Oscar Niemeyer, who died this week at the remarkable age of 104, was the last survivor of the heroic age of modern architecture. To the end of his life, he remained a firm believer in the power of contemporary architecture and design to make the world a better place.
It is an idea, as it applies to the former at least, that has been out of favour somewhat in Britain, ever since the Prince of Wales was tasteless enough to compare the efforts of Britain’s architects to remodel contemporary London to those of the Luftwaffe to do the same job during the Second World War.
Niemeyer’s greatest achievement was to use architecture to give Brazil a new identity as a dynamic modern state, rather than a picturesque former colonial backwater. Of course, as an architect, he could not have done that on his own. What gave Niemeyer his chance was a sophisticated political understanding in Brazil of what design could do for the country.
The result was Brasilia, for which Niemeyer designed all the major buildings; from the parliament to the foreign ministry. This capital, built with breakneck speed and bold, focused investment because President Kubitschek knew that he was not going to get more than a single term in power, survived a dictatorship as well as decades of mismanagement, to become an enduring and powerful symbol of Brazil as an emerging economic superpower.
It was a lesson in the political uses of design and architecture that I found myself remembering on Thursday morning when I heard of Niemeyer’s death. I was in a converted former power station in Hoxton to hear the Prime Minister and the Mayor of London open the LSE’s Urban Age conference on the future of the city by announcing a £50m investment by the Government to build Tech City on the site of Silicon Roundabout, east London’s answer to Silicon Valley. The idea is to give the area both a practical and a symbolic boost.
In physical terms, Tech City will offer places for a generation of software designers, who currently do most of their business nursing undertaxed coffee at Starbucks, somewhere to set up a less precarious base, somewhere to test prototypes, to get advice and to meet each other. Importantly, Tech City will also be a symbol of the significance of the area, and a reflection of how the messy vitality of a city that is nothing like Brasilia can continually reinvent itself, and provide the raw material for innovation.
Hoxton, on the fringe of the City’s financial centre, was once the place where small workshops served the furniture-making and printing industries. They have gone, but the latter was probably what laid the foundations for the area’s current reincarnation as the home of scores of start-up businesses. Print went digital early, and it was also closely associated with design and the creative industries. When hot metal died, Hoxton was left with plenty of empty warehouse space that was once, but is no longer, cheap. The vacuum has been filled by the creative industries, who flourish by working closely with each other, and who like to have a good time when they are not working. It accounts for Hoxton’s mix of studios, galleries and bars.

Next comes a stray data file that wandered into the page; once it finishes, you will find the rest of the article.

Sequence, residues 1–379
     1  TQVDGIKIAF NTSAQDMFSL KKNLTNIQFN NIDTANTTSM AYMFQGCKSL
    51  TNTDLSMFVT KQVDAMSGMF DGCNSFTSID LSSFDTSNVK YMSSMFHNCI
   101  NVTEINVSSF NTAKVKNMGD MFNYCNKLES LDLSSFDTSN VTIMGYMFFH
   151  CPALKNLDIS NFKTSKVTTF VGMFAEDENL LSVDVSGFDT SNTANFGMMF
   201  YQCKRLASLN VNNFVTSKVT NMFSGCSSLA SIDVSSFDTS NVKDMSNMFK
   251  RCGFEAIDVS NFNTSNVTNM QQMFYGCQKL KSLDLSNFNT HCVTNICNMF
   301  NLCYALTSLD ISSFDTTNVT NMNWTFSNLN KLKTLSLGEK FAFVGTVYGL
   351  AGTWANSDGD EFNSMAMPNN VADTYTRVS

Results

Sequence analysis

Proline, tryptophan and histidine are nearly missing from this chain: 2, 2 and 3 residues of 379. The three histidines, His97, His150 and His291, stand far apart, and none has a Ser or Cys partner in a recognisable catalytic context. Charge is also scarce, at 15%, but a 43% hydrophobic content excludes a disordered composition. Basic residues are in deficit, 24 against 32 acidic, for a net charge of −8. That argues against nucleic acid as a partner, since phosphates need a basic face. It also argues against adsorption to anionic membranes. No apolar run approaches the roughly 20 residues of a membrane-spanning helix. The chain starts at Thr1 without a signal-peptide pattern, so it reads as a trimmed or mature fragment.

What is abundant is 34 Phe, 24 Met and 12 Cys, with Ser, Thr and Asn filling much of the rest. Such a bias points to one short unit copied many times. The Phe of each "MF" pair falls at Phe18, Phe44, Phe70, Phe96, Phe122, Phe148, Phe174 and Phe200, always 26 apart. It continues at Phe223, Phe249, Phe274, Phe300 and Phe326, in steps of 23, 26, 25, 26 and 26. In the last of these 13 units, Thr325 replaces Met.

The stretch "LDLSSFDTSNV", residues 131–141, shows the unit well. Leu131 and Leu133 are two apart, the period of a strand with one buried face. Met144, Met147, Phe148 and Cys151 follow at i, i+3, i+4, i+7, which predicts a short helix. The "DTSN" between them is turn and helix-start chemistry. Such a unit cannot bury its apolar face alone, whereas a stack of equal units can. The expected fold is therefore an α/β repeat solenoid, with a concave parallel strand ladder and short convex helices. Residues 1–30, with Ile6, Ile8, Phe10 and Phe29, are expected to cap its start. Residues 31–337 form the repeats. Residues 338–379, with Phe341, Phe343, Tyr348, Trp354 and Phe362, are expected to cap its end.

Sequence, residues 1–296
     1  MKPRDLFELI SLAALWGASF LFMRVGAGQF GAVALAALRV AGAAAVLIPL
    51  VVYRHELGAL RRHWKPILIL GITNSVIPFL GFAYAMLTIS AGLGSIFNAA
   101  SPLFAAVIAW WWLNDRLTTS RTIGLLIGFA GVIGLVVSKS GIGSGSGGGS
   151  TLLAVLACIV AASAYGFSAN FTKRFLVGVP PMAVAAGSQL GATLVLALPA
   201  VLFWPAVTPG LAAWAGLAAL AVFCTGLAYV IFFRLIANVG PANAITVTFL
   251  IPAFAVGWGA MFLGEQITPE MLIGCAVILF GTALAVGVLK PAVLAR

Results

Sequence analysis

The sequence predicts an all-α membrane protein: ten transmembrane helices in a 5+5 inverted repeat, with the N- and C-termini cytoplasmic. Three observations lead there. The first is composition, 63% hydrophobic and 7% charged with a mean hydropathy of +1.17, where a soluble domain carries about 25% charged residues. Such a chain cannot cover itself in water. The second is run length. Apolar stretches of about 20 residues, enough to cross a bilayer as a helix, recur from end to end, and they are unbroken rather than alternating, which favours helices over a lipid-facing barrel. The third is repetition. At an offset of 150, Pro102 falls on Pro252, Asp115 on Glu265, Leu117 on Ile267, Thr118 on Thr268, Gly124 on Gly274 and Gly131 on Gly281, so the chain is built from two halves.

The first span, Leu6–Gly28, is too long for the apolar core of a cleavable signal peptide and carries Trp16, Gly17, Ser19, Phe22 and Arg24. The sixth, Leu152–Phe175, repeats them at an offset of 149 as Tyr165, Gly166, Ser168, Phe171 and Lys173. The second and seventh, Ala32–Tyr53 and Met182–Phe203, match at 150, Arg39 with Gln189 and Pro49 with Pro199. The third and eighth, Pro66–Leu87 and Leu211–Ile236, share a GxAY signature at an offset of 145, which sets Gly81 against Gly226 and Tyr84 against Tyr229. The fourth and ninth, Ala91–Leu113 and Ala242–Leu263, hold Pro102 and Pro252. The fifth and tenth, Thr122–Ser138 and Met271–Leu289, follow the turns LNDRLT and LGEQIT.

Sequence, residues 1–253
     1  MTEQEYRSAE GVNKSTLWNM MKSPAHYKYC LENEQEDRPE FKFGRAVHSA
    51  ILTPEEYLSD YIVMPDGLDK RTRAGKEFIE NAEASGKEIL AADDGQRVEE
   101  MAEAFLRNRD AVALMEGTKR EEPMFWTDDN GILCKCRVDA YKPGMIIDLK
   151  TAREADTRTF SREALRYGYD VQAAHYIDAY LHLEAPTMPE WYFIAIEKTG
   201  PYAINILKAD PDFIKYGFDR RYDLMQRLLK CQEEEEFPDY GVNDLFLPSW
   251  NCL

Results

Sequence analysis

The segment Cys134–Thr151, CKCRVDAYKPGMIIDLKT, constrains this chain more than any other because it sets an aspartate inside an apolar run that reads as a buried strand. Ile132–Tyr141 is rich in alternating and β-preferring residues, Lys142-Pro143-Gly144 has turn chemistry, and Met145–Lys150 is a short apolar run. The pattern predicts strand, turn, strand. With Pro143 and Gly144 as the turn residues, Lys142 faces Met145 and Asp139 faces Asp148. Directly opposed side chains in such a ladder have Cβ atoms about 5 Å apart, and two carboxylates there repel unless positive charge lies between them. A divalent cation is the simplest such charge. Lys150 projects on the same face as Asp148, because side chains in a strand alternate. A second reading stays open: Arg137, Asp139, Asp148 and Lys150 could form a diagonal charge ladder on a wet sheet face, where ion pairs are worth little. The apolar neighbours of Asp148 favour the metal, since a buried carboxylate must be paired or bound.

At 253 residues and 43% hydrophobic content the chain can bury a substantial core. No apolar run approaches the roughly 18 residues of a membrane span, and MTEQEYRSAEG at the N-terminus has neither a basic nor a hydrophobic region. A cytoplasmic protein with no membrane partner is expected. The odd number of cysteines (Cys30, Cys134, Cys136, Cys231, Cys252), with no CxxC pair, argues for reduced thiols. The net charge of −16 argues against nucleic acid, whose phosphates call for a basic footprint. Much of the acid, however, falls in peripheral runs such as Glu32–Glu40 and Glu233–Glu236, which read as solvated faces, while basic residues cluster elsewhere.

Governments can’t build another Apple, but they can create the conditions in which innovative companies will flourish. Building a symbolic heart for Silicon Roundabout will help. But it is not just symbolism that has made London a creative centre for the world. Its reputation is based on substance – in particular, on a system of education both in the schools and in what used to be known as art colleges. And for innovation to become useful, and profitable, we need more than technology, and that is where design comes in.
Every government minister, from David Cameron to Vince Cable, by way of George Osborne, is ready to embrace the economic benefits of what they sloganise as “designed in Britain and made in Britain”. But their policies on design education, from diluting its presence on the school curriculum, to removing funding for such vital places as the Royal College of Art, and discouraging international students, will undermine Britain’s leadership in the field.
Investing in the future
Boris Johnson, who knows how to work a room, asked the audience at the Urban Age where Apple’s chief designer was born. Jonathan Ive, of course, comes from Romford, and studied design in Newcastle. What Johnson did not mention was that Ive’s father taught design and technology – a subject that is in danger of slipping off the national curriculum.
At the time that Niemeyer was building Brasilia, the country’s economy was based on minerals and agriculture. It now has a successful aerospace industry, and is busy using design to move its products up the value chain, from generic commodities to premium products. This is the year that Fiat’s Brazilian factories launched their first car designed and built entirely in Brazil. The country is well aware of the value of design, and is investing in design education and in promoting its own designers.
Britain’s competitors are doing the same, from Hong Kong and Seoul, which are building their own design museums, to India, Turkey, Singapore and Taiwan, which are all taking design with the utmost seriousness.
Tech City is a welcome initiative. But if we want to secure London’s position as a serious centre for technology and innovation, we must also invest in an education system that nurtures the skills on which it depends. For politicians to make effective use of investment in design, they need to offer more than symbolism. Content is needed, too.
Dejan Sudjic is Director of the Design Musem